By John Colley
US telecoms giant Verizon paid an eye-opening US$4.8 billion for Yahoo’s search, email and advertising businesses which will be merged into its own online operation bought from and still branded as AOL, to better compete against tech giant rivals Google and Facebook.
The new Yahoo-AOL alliance will control 5.2% of the digital advertising market compared to Google’s 39% and Facebook’s 15%. Yahoo’s CEO Marissa Mayer has struggled to prevent Yahoo’s continuing decline, with losses mounting despite a US$3 billion investment in new features and acquisitions.
Unfortunately, these “alliances of the weak”, where smaller companies merge in order to try and take on stronger competition, are very rarely successful. If anything, they usually create only a weak competitor that is now bigger than before.
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And this is what seems likely to have happened with Yahoo-AOL here, in a market in which the winner takes all: if a firm isn’t in the top two then without a credible niche market to exploit the firm will suffer. Yahoo’s recent results were particularly disappointing. Why should adding Verizon and the AOL into the mix change that?
The history of AOL itself is sobering. As a leading light of the online world in the 1990s it grew rich enough to be able to buy the giant media conglomorate Time Warner in a US$164 billion deal in 2001.
But the merger was unsuccessful: within a year the combined operation had lost 97% of its value, which is believed by many to be the worst merger ever. AOL’s dial-up modem internet infrastructure was rapidly superseded by broadband, and Time Warner’s expensive content needed wide offline media access anyway to create a return – something AOL could never provide.
Winner takes all
In many internet markets there are clear network effects in terms of suppliers and buyers: more suppliers attracts more buyers, which in turn attracts more sellers to sell to the growing number of buyers.
In this mutually reinforcing process the rewards tend to go to the largest, which is usually among the first to enter the market. Late arrivals tend to struggle unless they can find some sort of niche. Examples include Amazon and Ebay’s domination of the online market place, just as Uber dominates the on-demand ride-sharing business, Facebook dominates social networking, and LinkedIn dominates professional networking.
The efficiency of internet markets and ease of access and participation means network effects are particularly powerful online, pushing weaker players out.
In technology markets such dominant positions tend to persist, brought down only through major upheavals in technology that are often rapid and unpredictable – just ask AOL. Alternatively, the market loses interest and moves on to other options, as email and Twitter have lost out to Snapchat, WhatsApp and Instagram.
The history of technology is littered with the remains of once all-powerful companies: Nokia, once the king of smartphones; RIM, makers of the must-have Blackberry; or IBM, which for decades dominated the computer industry, from mainframe and personal computer hardware and operating systems to application software and services, but which today struggles to find its way. Seeing how these titans have fallen, it’s not so hard to believe that Twitter, Microsoft, and even Apple may one day follow the same trajectory unless they can invent or secure access to the “next big thing”.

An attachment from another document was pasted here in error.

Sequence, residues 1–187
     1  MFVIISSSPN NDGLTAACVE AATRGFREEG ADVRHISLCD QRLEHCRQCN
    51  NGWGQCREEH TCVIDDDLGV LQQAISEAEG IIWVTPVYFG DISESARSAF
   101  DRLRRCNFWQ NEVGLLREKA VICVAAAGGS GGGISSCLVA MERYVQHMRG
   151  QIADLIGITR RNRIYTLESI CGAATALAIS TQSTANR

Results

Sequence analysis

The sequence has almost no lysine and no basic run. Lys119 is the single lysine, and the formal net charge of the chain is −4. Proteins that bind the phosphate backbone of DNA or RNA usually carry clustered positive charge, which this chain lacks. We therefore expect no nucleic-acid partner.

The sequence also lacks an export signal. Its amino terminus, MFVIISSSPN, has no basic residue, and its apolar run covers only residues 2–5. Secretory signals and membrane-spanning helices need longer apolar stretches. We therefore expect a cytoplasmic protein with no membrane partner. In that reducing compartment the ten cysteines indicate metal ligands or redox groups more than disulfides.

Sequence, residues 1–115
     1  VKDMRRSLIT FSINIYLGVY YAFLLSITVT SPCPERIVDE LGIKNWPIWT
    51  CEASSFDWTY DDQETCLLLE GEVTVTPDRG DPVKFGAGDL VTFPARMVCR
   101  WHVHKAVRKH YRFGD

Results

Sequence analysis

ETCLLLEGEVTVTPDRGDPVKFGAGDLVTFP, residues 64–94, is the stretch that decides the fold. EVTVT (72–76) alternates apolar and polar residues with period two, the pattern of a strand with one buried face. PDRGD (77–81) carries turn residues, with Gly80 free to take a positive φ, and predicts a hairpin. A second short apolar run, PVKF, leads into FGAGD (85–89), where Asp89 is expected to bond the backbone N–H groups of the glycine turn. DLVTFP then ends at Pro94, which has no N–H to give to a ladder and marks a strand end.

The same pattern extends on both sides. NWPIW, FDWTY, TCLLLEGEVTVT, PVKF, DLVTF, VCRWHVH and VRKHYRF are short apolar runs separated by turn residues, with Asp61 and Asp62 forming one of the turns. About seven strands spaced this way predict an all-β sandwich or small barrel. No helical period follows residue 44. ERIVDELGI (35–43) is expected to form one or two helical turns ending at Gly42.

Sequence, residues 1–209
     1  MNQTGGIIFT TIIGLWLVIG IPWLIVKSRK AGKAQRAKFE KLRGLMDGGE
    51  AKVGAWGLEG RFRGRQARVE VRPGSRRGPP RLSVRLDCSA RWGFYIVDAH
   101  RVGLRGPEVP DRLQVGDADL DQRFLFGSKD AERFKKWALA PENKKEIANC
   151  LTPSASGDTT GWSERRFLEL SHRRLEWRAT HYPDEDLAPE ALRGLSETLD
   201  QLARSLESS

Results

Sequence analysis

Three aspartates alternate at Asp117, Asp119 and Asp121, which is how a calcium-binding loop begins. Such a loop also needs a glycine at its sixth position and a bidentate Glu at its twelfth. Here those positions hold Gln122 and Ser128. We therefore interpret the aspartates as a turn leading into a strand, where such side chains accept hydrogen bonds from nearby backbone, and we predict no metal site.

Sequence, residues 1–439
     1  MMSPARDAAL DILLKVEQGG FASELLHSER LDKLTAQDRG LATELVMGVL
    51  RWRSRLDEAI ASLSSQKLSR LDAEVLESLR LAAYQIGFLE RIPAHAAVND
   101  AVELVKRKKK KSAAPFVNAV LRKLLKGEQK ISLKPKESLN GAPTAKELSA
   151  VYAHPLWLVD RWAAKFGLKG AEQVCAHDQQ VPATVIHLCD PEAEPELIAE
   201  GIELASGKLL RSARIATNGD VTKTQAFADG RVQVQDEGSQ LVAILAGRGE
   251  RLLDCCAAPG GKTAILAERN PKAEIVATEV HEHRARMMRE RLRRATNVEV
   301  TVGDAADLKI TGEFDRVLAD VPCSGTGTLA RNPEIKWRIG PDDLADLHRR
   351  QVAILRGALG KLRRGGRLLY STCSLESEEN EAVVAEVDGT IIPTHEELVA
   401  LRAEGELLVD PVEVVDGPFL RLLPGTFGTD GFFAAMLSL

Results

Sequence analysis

Taking a last stand?
Yahoo has struggled against the strength of network effects for a long time despite the promises of various CEOs. It’s difficult to see how this merger will change anything, or indeed how Verizon will benefit.
Buying up AOL and Yahoo, which are essentially media content and advertising businesses, is a big change from Verizon’s business of offering broadband internet and mobile phones. It’s not clear what benefits arise from combining both as they are such different businesses. As the mobile telecoms industry matures, Verizon’s move seems like a gamble on finding future growth in unrelated areas – always a high risk path.
The acquisition appears motivated by AOL’s chief executive Tim Armstrong, who some see as a better boss at Yahoo than current CEO Mayer. Mayer has been under pressure from investors for failing to stop the rot at Yahoo. If this task falls to Armstrong he will certainly have his work cut out – not just to turn around the fortune of one failing tech giant, but to oversee the merger of two.
A failure to integrate is frequently blamed for botched acquisitions and mergers that destroy the value of the merged businesses. Loss of market share and key personnel during the integration process is the norm, and competitors use the opportunity to move in on customers and staff alike. The process is major distraction for staff, who wonder what the future holds for them. Effectiveness collapses and the business suffers. There are few exceptions. Armstrong will need all the luck he can get.
John Colley is a professor of practice and an associate dean at University of Warwick.